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Conditioned suppression of counting behavior in rats1

By D. E. Blackman and Pamela Scruton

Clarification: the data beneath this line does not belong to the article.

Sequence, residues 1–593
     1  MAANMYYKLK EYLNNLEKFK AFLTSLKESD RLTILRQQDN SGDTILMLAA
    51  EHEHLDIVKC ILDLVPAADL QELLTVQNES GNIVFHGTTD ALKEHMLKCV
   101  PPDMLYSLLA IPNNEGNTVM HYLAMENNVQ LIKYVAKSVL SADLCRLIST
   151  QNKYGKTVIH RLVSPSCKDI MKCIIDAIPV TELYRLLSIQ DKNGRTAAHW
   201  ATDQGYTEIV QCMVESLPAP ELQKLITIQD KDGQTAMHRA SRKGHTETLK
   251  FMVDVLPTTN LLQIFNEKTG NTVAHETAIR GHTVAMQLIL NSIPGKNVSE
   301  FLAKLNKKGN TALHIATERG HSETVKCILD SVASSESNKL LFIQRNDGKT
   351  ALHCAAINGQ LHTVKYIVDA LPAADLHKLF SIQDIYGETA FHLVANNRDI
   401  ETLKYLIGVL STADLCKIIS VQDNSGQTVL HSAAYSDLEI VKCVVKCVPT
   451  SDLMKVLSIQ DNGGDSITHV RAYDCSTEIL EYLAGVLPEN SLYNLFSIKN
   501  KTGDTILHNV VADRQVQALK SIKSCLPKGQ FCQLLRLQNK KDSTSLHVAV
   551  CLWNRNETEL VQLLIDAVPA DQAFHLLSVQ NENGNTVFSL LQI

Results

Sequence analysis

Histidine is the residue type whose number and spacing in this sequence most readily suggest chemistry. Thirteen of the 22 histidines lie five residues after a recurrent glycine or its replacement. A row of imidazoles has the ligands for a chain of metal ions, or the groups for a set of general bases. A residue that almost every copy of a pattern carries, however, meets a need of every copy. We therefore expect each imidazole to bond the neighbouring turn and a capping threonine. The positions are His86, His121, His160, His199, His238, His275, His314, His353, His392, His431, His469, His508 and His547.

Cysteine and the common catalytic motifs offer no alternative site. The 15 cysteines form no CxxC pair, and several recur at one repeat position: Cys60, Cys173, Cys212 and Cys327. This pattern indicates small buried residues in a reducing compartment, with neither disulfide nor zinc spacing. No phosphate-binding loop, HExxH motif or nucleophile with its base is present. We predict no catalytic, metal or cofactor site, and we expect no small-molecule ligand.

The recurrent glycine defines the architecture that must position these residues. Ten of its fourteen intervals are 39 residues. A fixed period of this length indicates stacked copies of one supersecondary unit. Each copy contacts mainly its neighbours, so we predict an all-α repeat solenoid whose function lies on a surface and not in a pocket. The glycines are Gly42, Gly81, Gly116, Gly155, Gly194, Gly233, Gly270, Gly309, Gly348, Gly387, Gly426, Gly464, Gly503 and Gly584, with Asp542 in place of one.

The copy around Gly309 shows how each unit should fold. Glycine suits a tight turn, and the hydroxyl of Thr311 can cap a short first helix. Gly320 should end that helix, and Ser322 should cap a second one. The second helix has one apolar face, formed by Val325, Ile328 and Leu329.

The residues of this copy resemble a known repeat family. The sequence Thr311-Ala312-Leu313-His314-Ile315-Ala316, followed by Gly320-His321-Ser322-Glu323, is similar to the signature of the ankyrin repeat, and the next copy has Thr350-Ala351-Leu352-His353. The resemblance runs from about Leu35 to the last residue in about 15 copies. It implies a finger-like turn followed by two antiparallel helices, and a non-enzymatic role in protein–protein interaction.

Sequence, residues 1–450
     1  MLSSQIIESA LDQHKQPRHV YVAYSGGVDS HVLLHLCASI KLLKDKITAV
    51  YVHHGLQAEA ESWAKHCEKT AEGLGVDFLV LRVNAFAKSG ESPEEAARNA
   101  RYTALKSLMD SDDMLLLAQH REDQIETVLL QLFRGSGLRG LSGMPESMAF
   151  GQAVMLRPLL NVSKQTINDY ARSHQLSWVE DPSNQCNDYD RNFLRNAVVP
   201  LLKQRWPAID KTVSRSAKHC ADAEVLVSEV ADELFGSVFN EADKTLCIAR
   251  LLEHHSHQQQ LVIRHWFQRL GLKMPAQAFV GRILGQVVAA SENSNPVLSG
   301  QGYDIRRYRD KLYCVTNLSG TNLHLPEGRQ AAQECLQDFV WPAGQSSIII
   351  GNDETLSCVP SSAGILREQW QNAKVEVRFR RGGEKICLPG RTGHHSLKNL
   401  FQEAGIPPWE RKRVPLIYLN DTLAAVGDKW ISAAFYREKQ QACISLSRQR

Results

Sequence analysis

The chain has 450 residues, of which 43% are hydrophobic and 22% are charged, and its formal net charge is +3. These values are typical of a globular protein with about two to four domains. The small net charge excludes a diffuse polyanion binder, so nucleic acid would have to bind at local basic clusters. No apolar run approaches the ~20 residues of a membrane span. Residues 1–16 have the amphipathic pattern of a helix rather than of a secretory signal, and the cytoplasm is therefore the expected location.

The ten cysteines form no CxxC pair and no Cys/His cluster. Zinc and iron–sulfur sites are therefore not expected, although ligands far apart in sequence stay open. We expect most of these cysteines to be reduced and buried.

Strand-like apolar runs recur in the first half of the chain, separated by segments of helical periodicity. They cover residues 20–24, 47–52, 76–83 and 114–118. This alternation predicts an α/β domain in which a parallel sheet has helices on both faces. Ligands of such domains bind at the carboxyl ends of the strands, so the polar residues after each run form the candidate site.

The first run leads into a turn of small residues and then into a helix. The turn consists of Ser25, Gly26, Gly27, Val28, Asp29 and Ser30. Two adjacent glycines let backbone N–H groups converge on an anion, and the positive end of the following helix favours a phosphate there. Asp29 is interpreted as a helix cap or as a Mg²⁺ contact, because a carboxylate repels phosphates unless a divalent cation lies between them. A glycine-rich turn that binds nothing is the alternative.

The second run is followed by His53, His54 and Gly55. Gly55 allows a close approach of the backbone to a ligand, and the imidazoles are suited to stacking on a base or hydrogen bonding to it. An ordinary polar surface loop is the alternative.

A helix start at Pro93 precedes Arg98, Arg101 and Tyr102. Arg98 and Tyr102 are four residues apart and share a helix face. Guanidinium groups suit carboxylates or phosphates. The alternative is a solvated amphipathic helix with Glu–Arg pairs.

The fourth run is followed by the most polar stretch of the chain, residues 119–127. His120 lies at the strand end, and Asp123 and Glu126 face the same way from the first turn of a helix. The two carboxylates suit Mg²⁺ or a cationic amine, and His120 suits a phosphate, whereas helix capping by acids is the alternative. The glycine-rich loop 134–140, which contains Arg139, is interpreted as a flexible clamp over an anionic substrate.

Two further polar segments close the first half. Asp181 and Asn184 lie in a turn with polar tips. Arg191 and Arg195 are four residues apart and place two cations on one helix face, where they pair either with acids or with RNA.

Three rats were trained on a schedule in which a response on lever B was reinforced only if it was preceded by a minimum number of consecutive responses on lever A. The minimum requirement was 27 A responses for Rat 1, and 20 A responses for Rats 2 and 3. The schedule maintained high rates of responding on lever A, and a slow, spaced pattern of responding on lever B. The mean number of consecutive responses on lever A was slightly greater than the minimum required. The effect of superimposing on this behavior a stimulus that ended with an unavoidable shock was the suppression of responding on both levers during the pre-shock stimulus. Responses on lever A were more suppressed, and the proportion of relatively short response runs on lever A during the pre-shock stimulus increased. With all three rats, the mean number of consecutive responses on lever A during the pre-shock stimulus decreased to a value below the minimum requirement for reinforcement of the subsequent B response

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